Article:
No outs, tie ballgame, Arkansas had the bases loaded against SEC rival LSU. What happens next will make you shake your head!
When asked about the Triple-Play, LSU Coach Paul Mainieri responded,
“There’s a saying around my sport that if you come to a ball game, you might see something you’ve never seen before, … And I think that would be classified as an example of that, wouldn’t you? That was really something.”
- Arkansas batter ripped a line drive [one-hopper] to short stop
- Not sure why – He checked the runner from second [who started back to second]
- SS threw home for what appears to be the first out [force play]
- Realizing the runner from first is also at second he takes off to third
- The catcher throws the ball to third; he is Tagged Out (important because of what happens next) Second Out
- The Umpire signals the Arkansas runner at home safe because the catcher did not tag him
- The Umpire, then signals the runner at first is out, claiming the LSU SS caught the ball First Out
- The Arkansas run was nullified when LSU appealed the runner leaving too early, failing to tag up. Third Out [Good catch by Coach Mainieri to react even if it may have been the wrong call]
Umpire Hiccup: We can claim the human element, but for whatever reason the ump he made a bad call. Possibly a decision influenced by the Arkansas runner who was apparently fooled also and turned to go back to the bag.
For whatever reason the replay showed the umpires missed the fact the SS one hopped the ball versus catching it. From that point Arkansas runners were out of control and the umpires made all the right calls.
Just in case you were thinking it, a line drive is not considered Infield Fly. However there is a Line Drive Rule similar to the infield fly rule, which prevents the defensive player from intentionally dropping the ball, but does not require the umpire to call Infield Fly Rule.
LSU Hiccup: The LSU SS should have thrown home immediately, instead of looking the runner back to second. Not only did it waste time, he threw off the wrong foot and almost pulled the catcher off home plate.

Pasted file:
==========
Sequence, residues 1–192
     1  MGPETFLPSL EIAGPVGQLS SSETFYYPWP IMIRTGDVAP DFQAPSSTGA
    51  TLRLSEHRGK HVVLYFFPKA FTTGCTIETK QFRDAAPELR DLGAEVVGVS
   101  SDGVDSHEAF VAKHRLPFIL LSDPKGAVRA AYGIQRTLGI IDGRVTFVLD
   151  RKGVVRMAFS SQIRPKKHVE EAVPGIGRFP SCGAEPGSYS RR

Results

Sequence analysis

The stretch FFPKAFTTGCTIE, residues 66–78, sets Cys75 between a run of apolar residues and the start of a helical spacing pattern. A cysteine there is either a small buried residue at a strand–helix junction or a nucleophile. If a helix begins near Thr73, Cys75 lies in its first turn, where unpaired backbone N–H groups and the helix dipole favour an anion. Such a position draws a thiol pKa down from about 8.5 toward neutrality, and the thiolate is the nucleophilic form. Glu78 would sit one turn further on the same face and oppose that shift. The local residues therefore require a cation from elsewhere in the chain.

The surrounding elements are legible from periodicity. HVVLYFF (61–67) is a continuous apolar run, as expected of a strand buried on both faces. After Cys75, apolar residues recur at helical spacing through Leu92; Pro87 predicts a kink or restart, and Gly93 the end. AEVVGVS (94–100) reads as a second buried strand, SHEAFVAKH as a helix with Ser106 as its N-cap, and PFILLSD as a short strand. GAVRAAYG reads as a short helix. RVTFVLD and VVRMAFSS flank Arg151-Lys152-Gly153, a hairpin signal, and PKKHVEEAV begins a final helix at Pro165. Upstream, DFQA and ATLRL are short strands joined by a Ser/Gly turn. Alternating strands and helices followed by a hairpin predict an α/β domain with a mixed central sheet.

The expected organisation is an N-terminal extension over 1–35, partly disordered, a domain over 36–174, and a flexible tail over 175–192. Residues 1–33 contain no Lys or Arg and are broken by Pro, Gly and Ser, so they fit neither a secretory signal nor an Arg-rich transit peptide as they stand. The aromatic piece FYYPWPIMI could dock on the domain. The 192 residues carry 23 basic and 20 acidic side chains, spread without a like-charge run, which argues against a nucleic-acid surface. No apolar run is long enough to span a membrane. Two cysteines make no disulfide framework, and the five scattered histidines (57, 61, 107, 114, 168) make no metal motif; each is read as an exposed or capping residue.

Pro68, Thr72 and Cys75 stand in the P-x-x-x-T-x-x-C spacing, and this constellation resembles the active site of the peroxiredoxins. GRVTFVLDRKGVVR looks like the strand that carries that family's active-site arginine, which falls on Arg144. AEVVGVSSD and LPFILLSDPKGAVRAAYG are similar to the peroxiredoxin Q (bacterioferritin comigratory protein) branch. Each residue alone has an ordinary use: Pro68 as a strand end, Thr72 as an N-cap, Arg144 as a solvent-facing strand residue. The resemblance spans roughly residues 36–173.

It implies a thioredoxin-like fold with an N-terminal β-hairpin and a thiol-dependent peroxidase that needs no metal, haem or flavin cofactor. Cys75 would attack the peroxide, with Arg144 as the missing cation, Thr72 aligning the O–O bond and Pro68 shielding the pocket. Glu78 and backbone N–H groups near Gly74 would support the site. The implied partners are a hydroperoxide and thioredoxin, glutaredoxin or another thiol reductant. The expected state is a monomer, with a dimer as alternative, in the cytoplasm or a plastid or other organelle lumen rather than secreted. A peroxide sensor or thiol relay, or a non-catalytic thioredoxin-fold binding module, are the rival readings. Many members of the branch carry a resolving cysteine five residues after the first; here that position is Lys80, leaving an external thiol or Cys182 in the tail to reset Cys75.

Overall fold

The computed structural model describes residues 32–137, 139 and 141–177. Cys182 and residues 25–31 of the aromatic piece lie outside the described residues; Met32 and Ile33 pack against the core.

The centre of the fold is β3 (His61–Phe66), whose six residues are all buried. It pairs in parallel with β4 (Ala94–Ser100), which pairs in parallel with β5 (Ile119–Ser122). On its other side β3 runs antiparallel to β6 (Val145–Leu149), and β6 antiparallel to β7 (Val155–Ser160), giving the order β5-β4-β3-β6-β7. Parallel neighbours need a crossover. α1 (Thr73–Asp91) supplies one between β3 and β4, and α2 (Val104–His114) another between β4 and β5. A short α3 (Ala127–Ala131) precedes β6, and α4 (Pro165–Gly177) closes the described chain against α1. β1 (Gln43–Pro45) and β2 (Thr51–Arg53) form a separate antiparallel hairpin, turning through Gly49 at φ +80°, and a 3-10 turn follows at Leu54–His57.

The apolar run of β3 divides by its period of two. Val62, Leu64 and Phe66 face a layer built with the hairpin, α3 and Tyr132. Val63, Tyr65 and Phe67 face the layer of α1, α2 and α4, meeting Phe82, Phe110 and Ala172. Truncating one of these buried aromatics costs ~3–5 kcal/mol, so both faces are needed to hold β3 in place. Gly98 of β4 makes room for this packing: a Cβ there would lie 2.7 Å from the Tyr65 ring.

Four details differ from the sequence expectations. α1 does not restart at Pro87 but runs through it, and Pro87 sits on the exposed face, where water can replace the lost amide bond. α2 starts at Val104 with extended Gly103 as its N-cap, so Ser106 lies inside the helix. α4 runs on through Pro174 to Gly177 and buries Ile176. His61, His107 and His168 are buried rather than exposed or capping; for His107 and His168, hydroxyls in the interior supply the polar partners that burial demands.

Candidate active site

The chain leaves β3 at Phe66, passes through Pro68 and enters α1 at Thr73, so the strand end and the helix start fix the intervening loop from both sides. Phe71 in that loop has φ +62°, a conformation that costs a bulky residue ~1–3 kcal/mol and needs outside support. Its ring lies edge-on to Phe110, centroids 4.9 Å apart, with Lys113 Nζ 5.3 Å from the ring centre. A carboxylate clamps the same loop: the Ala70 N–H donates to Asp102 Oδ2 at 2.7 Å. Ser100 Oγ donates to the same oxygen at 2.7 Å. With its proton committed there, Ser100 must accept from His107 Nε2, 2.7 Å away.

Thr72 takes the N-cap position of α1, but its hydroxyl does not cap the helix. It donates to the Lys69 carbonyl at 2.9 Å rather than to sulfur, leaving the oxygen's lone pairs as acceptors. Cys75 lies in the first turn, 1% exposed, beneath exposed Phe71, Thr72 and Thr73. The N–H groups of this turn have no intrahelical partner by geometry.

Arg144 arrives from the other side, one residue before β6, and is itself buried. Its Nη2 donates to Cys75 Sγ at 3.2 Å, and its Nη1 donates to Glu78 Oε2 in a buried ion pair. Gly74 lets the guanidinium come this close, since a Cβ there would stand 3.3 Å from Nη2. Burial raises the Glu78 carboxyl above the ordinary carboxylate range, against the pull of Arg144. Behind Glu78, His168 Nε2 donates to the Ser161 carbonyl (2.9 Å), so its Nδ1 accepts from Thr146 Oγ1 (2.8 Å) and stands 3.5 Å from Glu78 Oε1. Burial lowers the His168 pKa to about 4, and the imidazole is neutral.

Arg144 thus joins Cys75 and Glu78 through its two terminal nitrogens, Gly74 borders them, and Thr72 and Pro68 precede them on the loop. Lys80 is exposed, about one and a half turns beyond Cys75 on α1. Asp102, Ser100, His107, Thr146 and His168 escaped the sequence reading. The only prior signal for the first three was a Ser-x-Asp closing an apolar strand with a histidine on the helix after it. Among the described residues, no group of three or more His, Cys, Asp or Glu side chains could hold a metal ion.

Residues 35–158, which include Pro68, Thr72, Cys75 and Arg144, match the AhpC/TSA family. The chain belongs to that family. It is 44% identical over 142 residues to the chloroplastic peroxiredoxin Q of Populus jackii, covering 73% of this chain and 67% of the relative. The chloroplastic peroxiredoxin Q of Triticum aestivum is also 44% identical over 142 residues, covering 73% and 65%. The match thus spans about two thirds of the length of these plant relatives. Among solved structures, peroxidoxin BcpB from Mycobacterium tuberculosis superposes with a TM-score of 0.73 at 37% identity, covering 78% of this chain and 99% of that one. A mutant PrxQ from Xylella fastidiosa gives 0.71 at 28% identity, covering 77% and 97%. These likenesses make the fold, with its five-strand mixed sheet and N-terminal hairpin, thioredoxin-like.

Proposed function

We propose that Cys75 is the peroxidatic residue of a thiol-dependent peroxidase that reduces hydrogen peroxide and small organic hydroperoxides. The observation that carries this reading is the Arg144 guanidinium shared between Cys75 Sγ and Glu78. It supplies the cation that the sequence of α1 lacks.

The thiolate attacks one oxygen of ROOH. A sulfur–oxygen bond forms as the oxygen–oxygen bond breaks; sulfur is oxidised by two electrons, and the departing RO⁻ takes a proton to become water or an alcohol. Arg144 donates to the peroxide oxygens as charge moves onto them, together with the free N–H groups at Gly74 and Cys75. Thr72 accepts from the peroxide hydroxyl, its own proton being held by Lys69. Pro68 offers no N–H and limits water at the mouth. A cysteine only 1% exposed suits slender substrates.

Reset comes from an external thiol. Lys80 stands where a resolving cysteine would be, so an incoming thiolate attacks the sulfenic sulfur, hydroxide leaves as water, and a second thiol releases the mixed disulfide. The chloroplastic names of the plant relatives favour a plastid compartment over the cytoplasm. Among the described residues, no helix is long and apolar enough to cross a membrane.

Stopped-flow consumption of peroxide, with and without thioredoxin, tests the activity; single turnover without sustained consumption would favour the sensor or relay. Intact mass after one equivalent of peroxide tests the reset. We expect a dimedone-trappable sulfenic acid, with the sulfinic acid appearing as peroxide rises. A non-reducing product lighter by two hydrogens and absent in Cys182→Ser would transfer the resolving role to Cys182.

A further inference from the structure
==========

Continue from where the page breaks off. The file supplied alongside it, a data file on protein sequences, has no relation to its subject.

I am not implying it is LSU’s fault, but I do believe the umpire would have called it a catch if LSU thrown it home immediately. Imagine a quick throw to home forcing the runner from third, then make a quick throw to third forcing the runner from second. Then to first [Only runner starting from without a lead].
Who knows, LSU may have gotten a clean Triple Play!
Arkansas Hiccup: First it should be noted the Arkansas runners did seem to “Freeze on a Line Drive,” but after that it went down hill. Instead of seeing the ball down, the runner at second assumed he caught the ball. Unfortunately the runners at first and third did see it down and advanced. Leaving the runner at second stranded.
Murphy’s Law, “whatever can go wrong, will go wrong,” applies.
Instead of recognizing the mental error and giving himself up, EGO [discounting the umps made the wrong call] got in the way. After tagging up at second and realizing the runner from first was also there, he takes off for third [possibly reinforcing the umps mind]. Only to be thrown out.
Had he given himself up, again discounting the wrong call, Arkansas may have scored the run. Ending up with a runner on first and second with one out. Instead he took off and leaving nothing to chance, the LSU 3B correctly tagged the runner [believing the runner tagged up].
See the ball down and never assume.
Until next Blog,